Extreme weather events are followed, inexorably, by extreme health events. That’s the lesson of the historic flooding in Pakistan that struck 33 million residents and submerged a third of the country last year due to unusually heavy monsoon rains and melting glaciers following a severe heat wave – both the direct results of climate change.
The flood itself briefly dominated global news feeds and charity appeals with scenes of internally displaced “climate refugees” floating their children in makeshift rafts and hoisting their most sacred belongings overhead as they forded a river with no visible shores.
But just as the floodwaters began to recede and the 24-hour news cameras blinked, an equally devastating slow-motion health disaster unfolded. Contaminated drinking water led to spikes in cholera and acute diarrhoea (more than 90,000 cases in a single day in one hard-hit province). Ideal conditions for mosquito breeding resulted in outbreaks of malaria and dengue, causing a 350 per cent surge in infection rates in places.
Routine health challenges became life-threatening as disruptions to health centres, supply chains and emergency transport made routine healthcare delivery nearly impossible.
The Lancet Countdown 2022 report calls climate change “the greatest threat to global health this century”. But this bold-sounding statement may actually understate the urgency of the case: climate change is killing the most vulnerable among us right now.
This week, more than 200 high-level representatives of governments, global finance institutions, NGOs, foundations and private sector partners are gathering in Abu Dhabi for the Forecasting Healthy Futures Summit, made possible by the Reaching the Last Mile Initiative, to spotlight health solutions in the context of climate change. The organisers aim to show that health interventions are among the “best buys” for climate adaption spending.
It’s not just extreme weather events that put human health at risk. So called “slow-onset” climate conditions are creating an epidemic of pulmonary disease, extending the altitude and latitudes of vector-borne disease, intensifying heat stress, and putting new pressures on already frayed health systems.
These impacts are all the more troubling because the 3.3 billion people the Intergovernmental Panel on Climate Change deems “highly vulnerable to effects of climate change” – overwhelmingly low- and middle-income countries in the Global South – have contributed the least to the greenhouse gas emissions that cause them.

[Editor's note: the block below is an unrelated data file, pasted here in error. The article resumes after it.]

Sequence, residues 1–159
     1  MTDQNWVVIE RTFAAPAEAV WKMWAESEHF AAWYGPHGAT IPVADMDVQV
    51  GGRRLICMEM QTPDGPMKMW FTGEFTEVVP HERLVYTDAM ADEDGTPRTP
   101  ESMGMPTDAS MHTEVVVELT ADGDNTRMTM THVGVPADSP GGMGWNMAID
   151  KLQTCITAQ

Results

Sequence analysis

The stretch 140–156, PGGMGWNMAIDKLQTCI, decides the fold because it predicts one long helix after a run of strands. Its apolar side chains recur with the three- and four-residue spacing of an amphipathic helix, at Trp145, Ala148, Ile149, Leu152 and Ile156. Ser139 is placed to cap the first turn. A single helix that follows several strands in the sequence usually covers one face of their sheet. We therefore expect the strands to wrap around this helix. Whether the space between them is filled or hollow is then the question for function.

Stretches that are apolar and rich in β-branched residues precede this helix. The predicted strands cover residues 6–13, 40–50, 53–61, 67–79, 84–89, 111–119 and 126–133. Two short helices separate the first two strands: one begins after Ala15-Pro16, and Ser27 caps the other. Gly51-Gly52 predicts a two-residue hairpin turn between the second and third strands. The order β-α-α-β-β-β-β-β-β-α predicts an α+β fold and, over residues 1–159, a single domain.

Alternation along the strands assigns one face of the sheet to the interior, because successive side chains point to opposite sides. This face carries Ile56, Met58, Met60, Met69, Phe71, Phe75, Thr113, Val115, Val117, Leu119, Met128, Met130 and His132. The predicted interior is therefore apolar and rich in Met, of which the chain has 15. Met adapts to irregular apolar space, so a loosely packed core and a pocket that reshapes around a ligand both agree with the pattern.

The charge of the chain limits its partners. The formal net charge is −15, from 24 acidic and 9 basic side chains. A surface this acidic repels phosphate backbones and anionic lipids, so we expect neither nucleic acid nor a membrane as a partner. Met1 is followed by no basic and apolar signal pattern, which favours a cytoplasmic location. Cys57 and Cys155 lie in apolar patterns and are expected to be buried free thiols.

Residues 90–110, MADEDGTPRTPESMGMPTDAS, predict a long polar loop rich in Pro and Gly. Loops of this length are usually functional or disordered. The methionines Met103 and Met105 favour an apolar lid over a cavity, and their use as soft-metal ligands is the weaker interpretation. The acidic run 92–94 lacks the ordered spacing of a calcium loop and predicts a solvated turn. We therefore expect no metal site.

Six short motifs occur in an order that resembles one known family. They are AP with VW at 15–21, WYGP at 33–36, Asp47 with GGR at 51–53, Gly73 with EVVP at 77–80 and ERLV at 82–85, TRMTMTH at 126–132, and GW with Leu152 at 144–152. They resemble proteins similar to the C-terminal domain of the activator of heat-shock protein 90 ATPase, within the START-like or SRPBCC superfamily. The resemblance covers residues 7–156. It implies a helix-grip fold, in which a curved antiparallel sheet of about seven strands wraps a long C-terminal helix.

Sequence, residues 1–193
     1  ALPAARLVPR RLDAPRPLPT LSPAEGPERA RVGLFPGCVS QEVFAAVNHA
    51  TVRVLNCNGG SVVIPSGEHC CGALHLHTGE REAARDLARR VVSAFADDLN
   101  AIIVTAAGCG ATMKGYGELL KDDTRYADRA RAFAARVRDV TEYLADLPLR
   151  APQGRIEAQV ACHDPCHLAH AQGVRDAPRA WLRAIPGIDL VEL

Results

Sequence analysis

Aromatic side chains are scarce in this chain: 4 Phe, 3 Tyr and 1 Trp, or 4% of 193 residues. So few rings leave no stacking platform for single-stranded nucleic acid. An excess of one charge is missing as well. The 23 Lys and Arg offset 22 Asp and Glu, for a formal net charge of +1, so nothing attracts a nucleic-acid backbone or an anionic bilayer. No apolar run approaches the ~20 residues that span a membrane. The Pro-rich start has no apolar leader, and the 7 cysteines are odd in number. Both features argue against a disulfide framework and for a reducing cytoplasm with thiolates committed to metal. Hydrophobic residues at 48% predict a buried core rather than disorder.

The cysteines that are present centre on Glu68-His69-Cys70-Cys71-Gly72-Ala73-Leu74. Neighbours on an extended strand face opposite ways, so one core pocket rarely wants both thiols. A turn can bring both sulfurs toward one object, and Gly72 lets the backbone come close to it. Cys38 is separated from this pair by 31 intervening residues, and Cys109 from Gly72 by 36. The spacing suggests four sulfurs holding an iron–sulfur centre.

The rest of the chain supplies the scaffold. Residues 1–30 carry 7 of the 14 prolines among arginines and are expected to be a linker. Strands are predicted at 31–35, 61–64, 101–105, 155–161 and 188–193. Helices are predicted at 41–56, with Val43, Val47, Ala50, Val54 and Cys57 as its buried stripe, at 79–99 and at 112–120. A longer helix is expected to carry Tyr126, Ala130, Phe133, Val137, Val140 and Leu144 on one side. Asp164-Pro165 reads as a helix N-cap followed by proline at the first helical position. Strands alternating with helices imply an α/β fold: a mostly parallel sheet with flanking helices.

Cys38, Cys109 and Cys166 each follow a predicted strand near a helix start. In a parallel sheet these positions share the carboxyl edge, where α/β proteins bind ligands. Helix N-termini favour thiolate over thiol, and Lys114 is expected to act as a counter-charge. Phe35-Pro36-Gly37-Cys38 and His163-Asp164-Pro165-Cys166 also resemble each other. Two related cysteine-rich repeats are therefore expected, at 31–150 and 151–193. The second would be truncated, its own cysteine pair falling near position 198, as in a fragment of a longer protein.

In sub-Saharan Africa, floods have increased tenfold, severe storms quadrupled, and droughts tripled since the 1970s – twice as fast as for the rest of the world. After decades of historic declines in global poverty levels, the World Bank estimates that climate change will drive as many as 100 million people into extreme poverty by 2030, led by Africa and South Asia. According to the report, it is the health impacts of climate change that push “the largest number of people into extreme poverty”.
At Cop27 last year, the first in Africa, the world committed to creating a “loss and damages” fund to compensate countries most adversely effected by climate change. The World Bank has set the goals of spending 35 per cent of its total financing for climate action, and 50 per cent of its most concessional funding for climate adaptation and resilience in developing countries. Cop organisers aim to double “climate adaptation” finance for the Global South to $40 billion by 2025. Yet, in 2021, only 5.6 per cent of climate adaptation spending was being directed south.
Practical and scalable solutions already exist – and they can save lives and protect human health from the adverse effects of climate change on a mass scale immediately. But only if we invest in them.
Imagine if you could reverse and replay the flood in Pakistan, only this time with the right health-protecting measures in place. The flood itself would still be devastating. But in-line water chlorination interventions (now being pioneered in neighbouring India) could have helped safeguard drinking water to prevent cholera and diarrhoea. Seasonal malaria chemoprevention could have ensured that children and pregnant women were protected from the increased malaria risk caused by the flooding. Treating mosquito populations with the Wolbachia bacteria, which reduced dengue cases by 77 per cent in a randomised control trial in Indonesia, may have stopped the dengue outbreak before it started.
Sceptics will argue the world can’t afford these investments in the face of so many competing climate priorities. Adaptation spending on health is not an excuse for inaction on the causes of climate change, but we should simultaneously invest in protecting critical human capital and health infrastructure, starting with the people who are highly vulnerable.
The interventions highlighted above are cheap, scalable and effective. They cost just a few dollars to protect an entire household. They can be precisely targeted using data-driven prediction and planning tools to reach the communities and demographic groups who need them most. Best of all, they would produce massive health benefits long after a severe weather event occurs (or before it materialises), ensuring no dollar is wasted.
The health risks of climate change are getting worse, as Pakistan vividly demonstrated. But the solutions are getting better, and the time to invest is now. Cop28, taking place this December in Dubai, can leave a legacy by putting human health at the centre of climate investment. How can we afford not to?